Notre Dame vs. Alabama live stream: Watch the Rose Bowl right now

Notre Dame vs Alabama live stream
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Notre Dame vs. Alabama start time and channels

Notre Dame will play Alabama today at 4 p.m. EST/1 p.m. PST. The game airs on ESPN in the U.S.

The Notre Dame vs. Alabama live stream is about to begin, and the race for the national title is on. We're down to four teams facing each other in a postseason playoff, with the winners squaring off in the national championship on Jan. 11 in Miami Gardens, Florida.

First, though, come the semifinals led by Notre Dame vs. Alabama in the Rose Bowl. The Fighting Irish are a controversial addition to the NCAA championship picture leap-frogging undefeated teams thanks to a strong schedule. Notre Dame hopes to pull an upset over Alabama, which is looking for its first national championship since 2017. And oddsmakers currently favor Alabama by a hefty 19.5 points. 

The Notre Dame vs. Alabama game is officially the Rose Bowl, though the game is being moved from its traditional home in Pasadena, Calif., to Arlington, Texas, as COVID-19 restrictions would prevent fans from attending the game in California. The winner of this game faces the winner of Clemson vs. Ohio State in the Jan. 11 title game.

It's easy to find a Notre Dame vs. Alabama live stream no matter where you are in the world. We'll show you where you can watch the game and give you options for using a VPN to find the live stream available in your area.

How to use a VPN to live stream Notre Dame vs. Alabama

If you're not living in an area where a Notre Dame vs. Alabama live stream is readily available, a virtual private network, or VPN, can come to your rescue. With a VPN, you can make it seem as if you're surfing the web from anywhere in the world, which can give you access to live streams that might not otherwise be available to you.

We've tested many different options, and our pick for the best VPN overall is ExpressVPN. Based on our testing, ExpressVPN offers superb speeds and excellent customer service.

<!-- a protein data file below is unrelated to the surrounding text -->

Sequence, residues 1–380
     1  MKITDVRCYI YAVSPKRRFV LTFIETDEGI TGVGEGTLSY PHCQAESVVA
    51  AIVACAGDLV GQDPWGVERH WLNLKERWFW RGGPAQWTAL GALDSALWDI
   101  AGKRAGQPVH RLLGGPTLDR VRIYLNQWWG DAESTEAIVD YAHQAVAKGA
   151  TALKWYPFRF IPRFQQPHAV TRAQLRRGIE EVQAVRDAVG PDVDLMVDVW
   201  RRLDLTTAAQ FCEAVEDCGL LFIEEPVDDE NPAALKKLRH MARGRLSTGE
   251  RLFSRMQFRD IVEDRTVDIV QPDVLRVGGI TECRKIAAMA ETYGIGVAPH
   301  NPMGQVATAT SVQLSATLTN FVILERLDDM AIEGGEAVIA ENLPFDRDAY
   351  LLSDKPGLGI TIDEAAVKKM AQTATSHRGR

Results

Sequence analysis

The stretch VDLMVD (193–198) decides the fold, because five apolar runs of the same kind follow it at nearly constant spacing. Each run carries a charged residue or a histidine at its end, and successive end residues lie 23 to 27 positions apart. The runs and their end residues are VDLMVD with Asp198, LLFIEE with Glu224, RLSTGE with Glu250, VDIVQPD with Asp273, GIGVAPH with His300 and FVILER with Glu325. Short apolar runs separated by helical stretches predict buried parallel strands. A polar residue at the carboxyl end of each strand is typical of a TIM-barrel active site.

ExpressVPN: We think the speed, security and simplicity make ExpressVPN second to none. During our tests, we saw fast connection times, and we're impressed by the service's ability to access more than 3,000 services spread out across 160 locations in 94 countries. There's a 30-day money-back guarantee if you're not satisfied.

Notre Dame vs. Alabama live streams in the U.S.

ESPN has the rights to air both of college football's semi-final playoff games, and so you'll find Notre Dame vs. Alabama on ESPN. The game kicks off on Friday, Jan. 1.

If you've got a cable or satellite TV subscription, you can live stream Notre Dame vs. Alabama on ESPN's website. The network also lets you stream coverage from its mobile app (Android, iOS). However, you'll have to sign in with your cable provider's login info, so this approach is a non-starter for anyone who's dropped their cable TV service.

Instead, you could sign up for a streaming TV service that includes ESPN in its package of channels. Top options include two of our favorites — Sling TV and Fubo.TV.


Sling.TV: Pay $30 a month for Sling's Orange package, and you'll get ESPN along with 24 other channels. A promotion at Sling right now takes $10 off your first month of service.


Fubo.TV: ESPN and its family of channels is now included with Fubo, which costs $65 a month. A 7-day free trial lets you try out the service, and a cloud DVR feature lets you record programs to watch later.

Notre Dame vs. Alabama live streams in the U.K.

College football fans in the U.K. can tune into BT Sport ESPN at 9 p.m. GMT to watch Notre Dame vs. Alabama. You can get BT Sport through BT as well as an add-on to Sky. BT Sport subscribers are able to stream Notre Dame vs. Alabama on the BT Sport website or by using the channel's dedicated app (Android, iOS). A monthly BT Sport pass will cost you £25.

Notre Dame vs. Alabama live streams in Canada

TSN carries the Notre Dame vs. Alabama game in Canada, with coverage kicking off at 4 p.m. ET. 

Philip Michaels

Philip Michaels is a Managing Editor at Tom's Guide. He's been covering personal technology since 1999 and was in the building when Steve Jobs showed off the iPhone for the first time. He's been evaluating smartphones since that first iPhone debuted in 2007, and he's been following phone carriers and smartphone plans since 2015. He has strong opinions about Apple, the Oakland Athletics, old movies and proper butchery techniques. Follow him at @PhilipMichaels.